The vegetarian version swaps out the sea urchin for avocado.

Benaras ki chaat: shorba puff, Chiang Mai tomato granita, pickles - the shorba (शोरबा) is a tomato soup that shares its roots with the shurpa (шурпа) I had in Uzbekistan years ago. The "rice ball" in the middle was seemingly made with a dehydrated powder. It was a little hard at first, but eventually melted in the mouth.

The pickles included radish and not beetroot (thankfully), cucumber, a granita made with the (unused) skin and seeds of the tomatoes from Chiang Mai. The paste here definitely got a good amount of heat.

Lobster two ways: Phuket lobster, ghee roast, idli - this was actually pretty tasty.

Lobster two ways: pulissery - a style of soup from Kerala, and this version was made with butternut squash and lobster. Rosewater was poured "to enhanced the smell of the soup", but unfortunately I couldn't get any of that thanks to the smoky scent coming from the ghee roast. There was something crunchy here.

The vegetarian version comes with butternut squash in place of lobster.

Chicken or the egg: well, which is better?

Chicken kakori - the kakori kebab (काकोरी कबाब) from Kakori near Lucknow is now minced chicken with what seemed to be mustard or coriander seeds, wrapped in a crispy tube made of potato, with mint chutney on the ends. There was a hint of smokiness, but lots of heavy spices. The heat comes but gradually.

Saya(?) chaat for the vegetarian version.

Keema ghotala, cured egg yolk - minced chicken with Indian spices and cured egg yolk. Salty with some acidity.

The ridiculous thing about this part was that we were given a pretty spoon shaped like flower petals, but the damn thing barely fits into the opening of the "egg shell"... so it required some effort to jiggle the utensil in and out of the serving vessel. That's just dumb.

Vegetable makhani (ਮੱਖਣੀ) for the vegetarian version.

Bangkok to Biscay: Banana shrimp, prawn crackers, "Balchao" bao - the broth came with some interesting chili flavors along with some acidity.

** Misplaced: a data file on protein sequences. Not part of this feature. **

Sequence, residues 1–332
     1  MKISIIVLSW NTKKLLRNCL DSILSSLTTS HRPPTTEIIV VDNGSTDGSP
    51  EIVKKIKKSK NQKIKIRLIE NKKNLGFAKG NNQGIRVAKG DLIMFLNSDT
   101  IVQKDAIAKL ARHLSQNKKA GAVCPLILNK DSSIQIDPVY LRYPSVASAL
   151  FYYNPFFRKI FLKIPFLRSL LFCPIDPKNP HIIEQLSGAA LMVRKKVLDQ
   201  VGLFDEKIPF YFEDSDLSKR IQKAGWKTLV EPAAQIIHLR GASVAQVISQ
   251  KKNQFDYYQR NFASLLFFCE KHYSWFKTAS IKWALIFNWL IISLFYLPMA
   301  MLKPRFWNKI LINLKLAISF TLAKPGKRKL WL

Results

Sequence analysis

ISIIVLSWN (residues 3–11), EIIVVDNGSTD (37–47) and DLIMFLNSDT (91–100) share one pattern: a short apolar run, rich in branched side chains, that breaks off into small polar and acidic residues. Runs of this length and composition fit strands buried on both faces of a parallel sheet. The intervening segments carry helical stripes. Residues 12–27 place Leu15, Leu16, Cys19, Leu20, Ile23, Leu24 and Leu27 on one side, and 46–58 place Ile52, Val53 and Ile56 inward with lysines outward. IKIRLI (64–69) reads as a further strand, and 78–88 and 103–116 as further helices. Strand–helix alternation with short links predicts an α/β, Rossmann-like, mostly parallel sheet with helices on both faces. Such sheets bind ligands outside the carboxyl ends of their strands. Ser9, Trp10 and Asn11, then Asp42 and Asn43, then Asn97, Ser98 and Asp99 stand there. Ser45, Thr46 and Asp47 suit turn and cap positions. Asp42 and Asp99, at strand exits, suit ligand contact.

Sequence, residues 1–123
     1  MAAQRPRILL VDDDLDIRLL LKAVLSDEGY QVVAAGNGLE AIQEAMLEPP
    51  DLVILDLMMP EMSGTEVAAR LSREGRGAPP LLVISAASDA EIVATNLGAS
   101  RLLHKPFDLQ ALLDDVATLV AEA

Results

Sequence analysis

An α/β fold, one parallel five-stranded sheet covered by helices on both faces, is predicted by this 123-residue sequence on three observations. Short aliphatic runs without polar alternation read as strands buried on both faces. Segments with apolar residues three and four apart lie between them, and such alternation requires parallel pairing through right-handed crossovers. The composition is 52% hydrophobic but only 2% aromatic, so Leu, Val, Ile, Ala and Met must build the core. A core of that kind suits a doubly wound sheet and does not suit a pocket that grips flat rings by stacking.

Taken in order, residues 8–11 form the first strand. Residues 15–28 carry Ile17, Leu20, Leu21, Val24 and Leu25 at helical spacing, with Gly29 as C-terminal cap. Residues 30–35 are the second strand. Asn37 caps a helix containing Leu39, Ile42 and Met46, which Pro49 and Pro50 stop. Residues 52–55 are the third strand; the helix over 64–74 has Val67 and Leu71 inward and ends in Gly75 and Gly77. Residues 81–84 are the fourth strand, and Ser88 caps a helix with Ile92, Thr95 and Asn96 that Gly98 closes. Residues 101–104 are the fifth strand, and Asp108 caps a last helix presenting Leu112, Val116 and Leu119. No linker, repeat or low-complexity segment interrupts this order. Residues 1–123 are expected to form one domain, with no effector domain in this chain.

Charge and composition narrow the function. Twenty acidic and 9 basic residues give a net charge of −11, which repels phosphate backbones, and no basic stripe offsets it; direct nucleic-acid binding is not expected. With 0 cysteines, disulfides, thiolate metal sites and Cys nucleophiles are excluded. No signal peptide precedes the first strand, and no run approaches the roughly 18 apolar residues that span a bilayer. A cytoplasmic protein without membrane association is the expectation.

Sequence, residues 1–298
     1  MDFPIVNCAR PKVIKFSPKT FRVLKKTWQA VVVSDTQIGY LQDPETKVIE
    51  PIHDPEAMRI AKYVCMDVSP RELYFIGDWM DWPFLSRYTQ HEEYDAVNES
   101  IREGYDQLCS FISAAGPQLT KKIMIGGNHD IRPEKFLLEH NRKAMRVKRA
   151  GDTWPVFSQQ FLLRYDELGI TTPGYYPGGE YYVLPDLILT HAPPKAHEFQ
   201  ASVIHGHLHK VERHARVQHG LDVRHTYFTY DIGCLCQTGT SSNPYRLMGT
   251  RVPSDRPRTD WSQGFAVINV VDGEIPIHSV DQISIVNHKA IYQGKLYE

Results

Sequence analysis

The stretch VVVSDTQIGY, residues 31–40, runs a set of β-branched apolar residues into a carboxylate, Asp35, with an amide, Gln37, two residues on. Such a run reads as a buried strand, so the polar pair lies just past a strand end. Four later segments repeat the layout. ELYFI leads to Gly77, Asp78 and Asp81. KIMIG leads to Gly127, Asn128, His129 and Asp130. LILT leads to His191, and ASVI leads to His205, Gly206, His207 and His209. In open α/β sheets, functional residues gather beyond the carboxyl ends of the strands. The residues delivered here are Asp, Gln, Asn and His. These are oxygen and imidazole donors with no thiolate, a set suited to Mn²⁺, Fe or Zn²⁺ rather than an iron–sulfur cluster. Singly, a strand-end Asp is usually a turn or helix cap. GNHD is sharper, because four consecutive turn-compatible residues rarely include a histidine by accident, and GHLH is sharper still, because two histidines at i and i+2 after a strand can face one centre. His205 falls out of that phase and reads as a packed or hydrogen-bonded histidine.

The banana prawns came with some smoked trout roe on top.

The vegetarian version replaced the prawns with sweet potatoes, topped with "vegan caviar" made from seaweed.

Balchão curry jam made with (black mint oil?) from the restaurant's garden. The flavor of cloves was very strong. Meant to be spread on the pao.

The vegetarian version had (fermented whey?) and spices from the garden.

Goan pao - these were made with potato.

The shrimp heads were stuffed with balchão curry, too.

Go Madras!: crab, madras curry, ponni rice - the red crab-shaped cracker was made with chickpeas.

Instead of "Jay Fai size" crab meat, the vegetarian option comes with sunchoke.

The curry was pretty creamy and nutty. The Ponni rice - which, interestingly, is a hybrid where one side is a Taiwanese cultivar - was a little chewy. The heat was a slow burn at first, but eventually came out pretty strong and lasted a long time on the tongue. The unfortunate reality here was that, like so many other dishes so far, this was also salty and made us thirsty.

Aamras, chaas aur caviar: Totapuri mango, buttermilk, "Royal Project" caviar - sitting on Totapuri mango (तोतापरी आम) was a quennelle of buttermilk sorbet, topped with oscietra caviar from the Royal Project Foundation in Hua Hin (หัวหิน). The sorbet was like spiced yogurt and lassi, so this was basically mango lassi with some caviar... The decorative black ring was made with cumin - whose flavors were very faint so I had to really concentrate to pick it out - and meant to evoke the jali patterns of jharokha.